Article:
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Archives - August 2005

August 1, 2005

I would never die for my beliefs because I might be wrong.

– Bertrand Russell

August 2, 2005

We did not change as we grew older; we just became more clearly ourselves.

– Lynn Hall

August 3, 2005

Asking a working writer what he thinks about critics is like asking a lamppost how it feels about dogs.

– Christopher Hampton

August 4, 2005

A strong egoism is a protection against disease, but in the last resort we must begin to love in order that we may not fall ill, and must fall ill if, in consequence of frustration, we cannot love.

– Sigmund Freud

August 5, 2005

Tomatoes and oregano make it Italian; wine and tarragon make it French. Sour cream makes it Russian; lemon and cinnamon make it Greek. Soy sauce makes it Chinese; garlic makes it good.

– Alice May Brock

August 6, 2005

You can't wait for inspiration. You have to go after it with a club.

– Jack London

August 7, 2005

The best measure of a man's honesty isn't his income tax return. It's the zero adjust on his bathroom scale.

– Arthur C. Clarke

August 8, 2005

I said to myself, I have things in my head that are not like what anyone has taught me --- shapes and ideas so near to me --- so natural to my way of being and thinking that it hasn't occurred to me to put them down. I decided to start anew, to strip away what I had been taught.

– Georgia O'Keeffe

August 9, 2005

Jealousy is all the fun you think they had.

– Erica Jong

August 10, 2005

A cynic is just a man who found out when he was about ten that there wasn't any Santa Claus, and he's still upset.

– James Gould Cozzens

August 11, 2005

Grief can take care of itself, but to get the full value of a joy you must have somebody to divide it with.

– Mark Twain

August 12, 2005

Only the pure in heart can make a good soup.

– Ludwig Van Beethoven

August 13, 2005

Where love rules, there is no will to power and where power predominates, there love is lacking. The one is the shadow of the other.

– Carl Jung

August 14, 2005

Ah, but a man's reach should exceed his grasp. Or what's a heaven for?

– Robert Browning

August 15, 2005

The first question I ask myself when something doesn't seem to be beautiful is why do I think it's not beautiful. And very shortly you discover that there is no reason.

– John Cage

August 16, 2005

A sound mind in a sound body is a short but full description of a happy state in this world.

– John Locke

August 17, 2005

One of the advantages of being disorderly is that one is constantly making exciting discoveries.

– A. A. Milne

August 18, 2005

Time is a great teacher, but unfortunately it kills all its pupils.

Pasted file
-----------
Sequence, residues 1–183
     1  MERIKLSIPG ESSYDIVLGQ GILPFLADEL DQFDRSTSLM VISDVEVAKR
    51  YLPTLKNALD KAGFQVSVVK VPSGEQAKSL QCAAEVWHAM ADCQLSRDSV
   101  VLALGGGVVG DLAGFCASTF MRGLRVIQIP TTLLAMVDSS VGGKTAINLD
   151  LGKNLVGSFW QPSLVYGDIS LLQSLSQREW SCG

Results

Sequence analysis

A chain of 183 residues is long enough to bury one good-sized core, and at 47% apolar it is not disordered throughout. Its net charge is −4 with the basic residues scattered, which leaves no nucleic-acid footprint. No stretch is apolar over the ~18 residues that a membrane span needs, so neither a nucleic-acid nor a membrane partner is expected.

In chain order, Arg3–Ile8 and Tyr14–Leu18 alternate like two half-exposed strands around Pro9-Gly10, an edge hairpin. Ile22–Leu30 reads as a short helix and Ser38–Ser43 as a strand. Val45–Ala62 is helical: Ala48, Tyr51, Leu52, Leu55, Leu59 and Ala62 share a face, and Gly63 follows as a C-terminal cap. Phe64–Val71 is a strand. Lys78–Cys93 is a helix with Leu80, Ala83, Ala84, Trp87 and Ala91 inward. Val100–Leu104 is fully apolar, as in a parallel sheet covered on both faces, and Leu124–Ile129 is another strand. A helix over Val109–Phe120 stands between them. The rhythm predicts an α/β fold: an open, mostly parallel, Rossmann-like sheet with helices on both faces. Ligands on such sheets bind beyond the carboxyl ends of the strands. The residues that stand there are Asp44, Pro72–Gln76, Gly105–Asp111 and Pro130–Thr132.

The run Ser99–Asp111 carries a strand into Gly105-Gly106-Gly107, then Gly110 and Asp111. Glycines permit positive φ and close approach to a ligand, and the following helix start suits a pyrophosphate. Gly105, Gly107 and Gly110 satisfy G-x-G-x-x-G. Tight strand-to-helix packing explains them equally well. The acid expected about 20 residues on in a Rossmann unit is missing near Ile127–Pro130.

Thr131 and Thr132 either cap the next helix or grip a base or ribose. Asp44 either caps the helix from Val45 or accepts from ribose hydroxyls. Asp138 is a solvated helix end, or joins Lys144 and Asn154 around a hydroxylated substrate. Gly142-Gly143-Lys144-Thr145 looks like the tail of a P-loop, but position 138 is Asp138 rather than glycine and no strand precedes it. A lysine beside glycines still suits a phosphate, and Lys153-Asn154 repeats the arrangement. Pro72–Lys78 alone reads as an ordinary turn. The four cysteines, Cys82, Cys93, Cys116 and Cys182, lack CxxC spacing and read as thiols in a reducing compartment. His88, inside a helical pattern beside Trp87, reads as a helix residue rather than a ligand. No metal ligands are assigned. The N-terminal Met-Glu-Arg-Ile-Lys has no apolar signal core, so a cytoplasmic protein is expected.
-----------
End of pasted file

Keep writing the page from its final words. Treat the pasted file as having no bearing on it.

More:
– Hector Berlioz

August 19, 2005

The scientific theory I like best is that the rings of Saturn are composed entirely of lost airline luggage.

– Mark Russell

August 20, 2005

This time, like all times, is a very good one, if we but know what to do with it.

– Ralph Waldo Emerson

August 21, 2005

Tragedy is when I cut my finger. Comedy is when you walk into an open sewer and die.

– Mel Brooks

August 22, 2005

Before you criticize someone, you should walk a mile in their shoes. That way, when you criticize them, you are a mile away from them, and you have their shoes.

– Frieda Norris

August 23, 2005

There will be little rubs and disappointments everywhere, and we are all apt to expect too much; but then, if one scheme of happiness fails, human nature turns to another; if the first calculation is wrong, we make a second better: we find comfort somewhere...

– Jane Austen

August 24, 2005

The sound of laughter is like the vaulted dome of a temple of happiness.

– Milan Kundera

August 25, 2005

What is hell? I maintain that it is the suffering of being unable to love.

– Fyodor Dostoyevsky

August 26, 2005

I always knew looking back on my tears would bring me laughter, but I never knew looking back on my laughter would make me cry.

– Cat Stevens

August 27, 2005

Unless you're ashamed of yourself now and then, you're not honest.

– William Faulkner

August 28, 2005

It is easier to be critical than correct.

– Benjamin Disraeli

August 29, 2005

Perhaps all the dragons of our lives are princesses who are only waiting to see us once beautiful and brave.

– Rainer Maria Rilke

August 30, 2005

Fiction is like a spider's web, attached ever so slightly perhaps, but still attached to life at all four corners. Often the attachment is scarcely perceptible.

– Virginia Woolf

August 31, 2005

Never judge a work of art by its defects.

– Washington Allston